Xn0a0373 fmqh5v

Bruce and Sara Naftaly in Marmite’s open kitchen.

Image: Amber Fouts

Dishes at Marmite are assembled at a long butcher block counter that could be the set of an unrealistically idyllic cooking show: potatoes and leeks piled in woven bowls, rounds of dark golden bread baked next door, an arrangement of stridolo, the parsleylike Italian herb, from Bruce and Sara Naftaly’s garden. Fruit, herbs, and berries from their yard make cameos throughout the menu; cold-smoking the flawless trout entree has so diminished the couple’s pine tree, Sara frets the neighbors might fear for their own conifers.

Back in 1985, Bruce Naftaly opened Le Gourmand and edged the term Northwest cuisine into our lexicon with three-course meals of classic French fare, ingredients ushered straight to his Ballard restaurant from small local farms—revolutionary at the time. The dining room was all pomp, pillows, and padding, but the restaurant’s 27-year tenure included many nights when it was just the Naftalys in the kitchen preparing those formal plates. 

Now Bruce oversees Marmite’s unstructured kitchen and a small crew decades his junior. We can thank them for the modern touches—sous vide, cold smoking, kombucha—that quietly influence the menu, and most likely the Holy Mountain on draft and ’90s-ironic En Vogue on the sound system.

In 2012, the weary Naftalys closed Le Gourmand. Sara opened a bakeshop called Amandine, where her macarons and croissants became a major draw at Pike/Pine’s Chophouse Row redevelopment. When its anchor restaurant, Chop Shop, closed, building owner Liz Dunn entreated the couple to take it over.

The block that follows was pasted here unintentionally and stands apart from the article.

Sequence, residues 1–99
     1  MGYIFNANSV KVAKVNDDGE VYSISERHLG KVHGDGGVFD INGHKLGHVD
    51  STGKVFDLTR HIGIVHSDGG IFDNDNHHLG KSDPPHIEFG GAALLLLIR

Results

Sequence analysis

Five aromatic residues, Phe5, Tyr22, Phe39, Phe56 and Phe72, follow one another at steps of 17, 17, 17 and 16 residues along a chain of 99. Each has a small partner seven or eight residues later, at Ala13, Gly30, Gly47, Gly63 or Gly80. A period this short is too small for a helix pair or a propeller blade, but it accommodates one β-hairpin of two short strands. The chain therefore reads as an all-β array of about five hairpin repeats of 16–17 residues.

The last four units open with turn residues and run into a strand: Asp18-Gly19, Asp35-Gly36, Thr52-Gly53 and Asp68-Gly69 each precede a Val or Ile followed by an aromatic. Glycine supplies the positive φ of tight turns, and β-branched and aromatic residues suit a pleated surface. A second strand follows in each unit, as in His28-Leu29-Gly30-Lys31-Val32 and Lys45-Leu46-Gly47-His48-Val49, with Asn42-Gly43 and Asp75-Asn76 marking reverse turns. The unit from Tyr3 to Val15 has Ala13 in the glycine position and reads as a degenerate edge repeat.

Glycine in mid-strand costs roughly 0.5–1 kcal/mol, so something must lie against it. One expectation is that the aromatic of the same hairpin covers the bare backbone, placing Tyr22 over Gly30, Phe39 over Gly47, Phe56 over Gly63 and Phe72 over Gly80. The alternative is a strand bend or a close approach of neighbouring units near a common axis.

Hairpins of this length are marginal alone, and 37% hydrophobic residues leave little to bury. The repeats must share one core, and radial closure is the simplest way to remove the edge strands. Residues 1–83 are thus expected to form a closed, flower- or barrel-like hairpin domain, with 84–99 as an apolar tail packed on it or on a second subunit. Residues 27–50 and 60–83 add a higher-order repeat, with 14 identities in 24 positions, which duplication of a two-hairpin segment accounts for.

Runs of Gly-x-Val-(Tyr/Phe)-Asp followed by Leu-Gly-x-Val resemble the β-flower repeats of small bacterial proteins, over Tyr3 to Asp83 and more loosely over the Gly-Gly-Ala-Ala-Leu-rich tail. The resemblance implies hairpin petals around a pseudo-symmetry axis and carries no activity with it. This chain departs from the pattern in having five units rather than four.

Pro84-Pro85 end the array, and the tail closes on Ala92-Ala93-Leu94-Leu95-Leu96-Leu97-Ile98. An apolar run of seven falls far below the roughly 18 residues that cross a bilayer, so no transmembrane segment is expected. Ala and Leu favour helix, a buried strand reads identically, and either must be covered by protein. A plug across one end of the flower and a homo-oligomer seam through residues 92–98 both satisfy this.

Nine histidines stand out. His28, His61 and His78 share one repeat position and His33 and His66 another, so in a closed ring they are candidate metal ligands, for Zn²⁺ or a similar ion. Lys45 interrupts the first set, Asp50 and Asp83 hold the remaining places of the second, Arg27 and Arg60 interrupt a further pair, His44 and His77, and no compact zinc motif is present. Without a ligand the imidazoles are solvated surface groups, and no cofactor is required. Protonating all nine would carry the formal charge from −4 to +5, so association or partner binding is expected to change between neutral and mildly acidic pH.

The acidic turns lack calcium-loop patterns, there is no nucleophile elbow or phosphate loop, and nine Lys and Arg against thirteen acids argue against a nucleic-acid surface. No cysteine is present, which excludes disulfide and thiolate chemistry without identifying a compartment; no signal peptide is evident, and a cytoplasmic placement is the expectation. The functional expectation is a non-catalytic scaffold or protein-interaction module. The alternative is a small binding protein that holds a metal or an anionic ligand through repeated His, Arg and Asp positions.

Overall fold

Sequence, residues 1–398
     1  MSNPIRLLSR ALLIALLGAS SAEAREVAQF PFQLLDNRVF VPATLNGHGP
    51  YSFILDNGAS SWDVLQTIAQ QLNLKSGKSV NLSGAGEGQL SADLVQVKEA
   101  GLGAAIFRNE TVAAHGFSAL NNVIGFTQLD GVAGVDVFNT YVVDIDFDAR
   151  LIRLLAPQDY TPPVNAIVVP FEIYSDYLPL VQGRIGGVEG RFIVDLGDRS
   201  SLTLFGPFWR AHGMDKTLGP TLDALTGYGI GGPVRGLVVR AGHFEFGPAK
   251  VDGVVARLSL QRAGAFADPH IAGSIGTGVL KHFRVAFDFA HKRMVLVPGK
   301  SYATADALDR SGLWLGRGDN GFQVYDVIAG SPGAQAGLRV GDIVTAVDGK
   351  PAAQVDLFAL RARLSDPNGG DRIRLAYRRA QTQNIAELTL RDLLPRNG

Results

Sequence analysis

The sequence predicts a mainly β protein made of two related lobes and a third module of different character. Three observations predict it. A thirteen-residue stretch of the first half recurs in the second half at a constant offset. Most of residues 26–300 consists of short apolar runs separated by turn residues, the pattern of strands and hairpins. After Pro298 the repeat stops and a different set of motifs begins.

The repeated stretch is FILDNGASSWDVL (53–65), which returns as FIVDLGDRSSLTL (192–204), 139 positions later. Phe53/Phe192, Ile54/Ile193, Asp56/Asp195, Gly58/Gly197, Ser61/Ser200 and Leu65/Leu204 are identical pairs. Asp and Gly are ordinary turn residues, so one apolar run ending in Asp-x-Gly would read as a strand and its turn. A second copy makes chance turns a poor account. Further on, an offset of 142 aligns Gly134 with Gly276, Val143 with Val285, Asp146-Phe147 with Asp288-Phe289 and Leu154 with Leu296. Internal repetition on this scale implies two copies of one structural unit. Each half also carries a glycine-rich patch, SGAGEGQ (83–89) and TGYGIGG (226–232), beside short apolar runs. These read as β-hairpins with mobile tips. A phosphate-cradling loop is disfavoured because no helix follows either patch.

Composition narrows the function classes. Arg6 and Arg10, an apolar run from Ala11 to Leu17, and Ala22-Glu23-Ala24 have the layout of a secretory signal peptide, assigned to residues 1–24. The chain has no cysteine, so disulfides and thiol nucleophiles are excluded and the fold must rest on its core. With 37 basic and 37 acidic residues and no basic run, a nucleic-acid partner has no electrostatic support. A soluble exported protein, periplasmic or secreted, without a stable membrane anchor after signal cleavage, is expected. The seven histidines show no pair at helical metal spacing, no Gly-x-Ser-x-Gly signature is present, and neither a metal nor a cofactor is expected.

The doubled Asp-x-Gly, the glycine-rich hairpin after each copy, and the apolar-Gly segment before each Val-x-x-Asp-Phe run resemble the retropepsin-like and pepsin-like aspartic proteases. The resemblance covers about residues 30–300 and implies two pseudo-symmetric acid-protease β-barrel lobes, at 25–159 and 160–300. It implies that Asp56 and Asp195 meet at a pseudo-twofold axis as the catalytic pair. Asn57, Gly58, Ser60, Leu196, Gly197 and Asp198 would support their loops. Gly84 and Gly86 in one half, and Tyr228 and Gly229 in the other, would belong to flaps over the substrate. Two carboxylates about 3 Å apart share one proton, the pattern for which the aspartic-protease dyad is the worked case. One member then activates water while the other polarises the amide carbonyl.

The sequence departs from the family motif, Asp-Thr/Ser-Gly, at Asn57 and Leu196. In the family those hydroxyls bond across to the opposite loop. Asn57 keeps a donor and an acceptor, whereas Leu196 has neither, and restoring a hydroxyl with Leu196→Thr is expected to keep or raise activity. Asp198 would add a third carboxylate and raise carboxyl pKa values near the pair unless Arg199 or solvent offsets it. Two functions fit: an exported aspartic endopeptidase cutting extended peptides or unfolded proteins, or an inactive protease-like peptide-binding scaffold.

Xn0a0163 qvj2w4

Marmit's kitchen puts out rich, French-leaning plates like pine-smoked trout and blintzes in chive butter sauce (the cheese inside comes from Chop House neighbor Kurt Farm Shop).

Image: Amber Fouts

The Naftalys devised Marmite on the fly, its name a reference to the French soup kettle. Their goals were twofold, says Sara: Less fuss than Le Gourmand’s era, and “something where we could walk away occasionally and do something else.” They accomplished one of those things.

This haphazard reentry into restaurant life muddled the impact of a legendary chef’s return to the kitchen. Bruce’s original vision of a soup-focused menu holds true at lunch, but as dinner took shape, so did its resemblance to Le Gourmand. Some dishes echo old favorites, and Naftaly’s famed French sauces are, as ever, an infinity loop of savory flavor notes. Original plans included an embedded cocktail bar, Spirit in the Bottle; in a further stroke of confusion, the Naftalys decided to use that moniker on the entire restaurant’s nighttime persona. 

That persona has much to do with Sara, undoubtedly Marmite’s secret weapon. Dissatisfied with the gnocchi, she crossed a straightforward recipe with one for choux pastry used for profiteroles and eclairs. These hybrids—tinged green with backyard stridolo—can thank her for a texture so airy it seems perpetually on the verge of collapse, even as it holds its own with cubes of pancetta and a brown butter sage sauce with the soul of chicken drippings.

Weekend mornings mean rhubarb-dipped rice fritters that pack all the sugar-dusted appeal of fresh doughnuts. The lunchtime soup menu unites Bruce’s saucier knack for deep flavors and Sara’s elegantly sturdy bread. There’s even a happy hour; Bruce’s version of bar-snack potato chips are equally labor intensive and addictive. 

Clearly the whole “being around less” thing didn’t take. But they’ve weathered the confusion to succeed, absolutely, in translating their particular, meticulous magic into something updated and easygoing.

Show Comments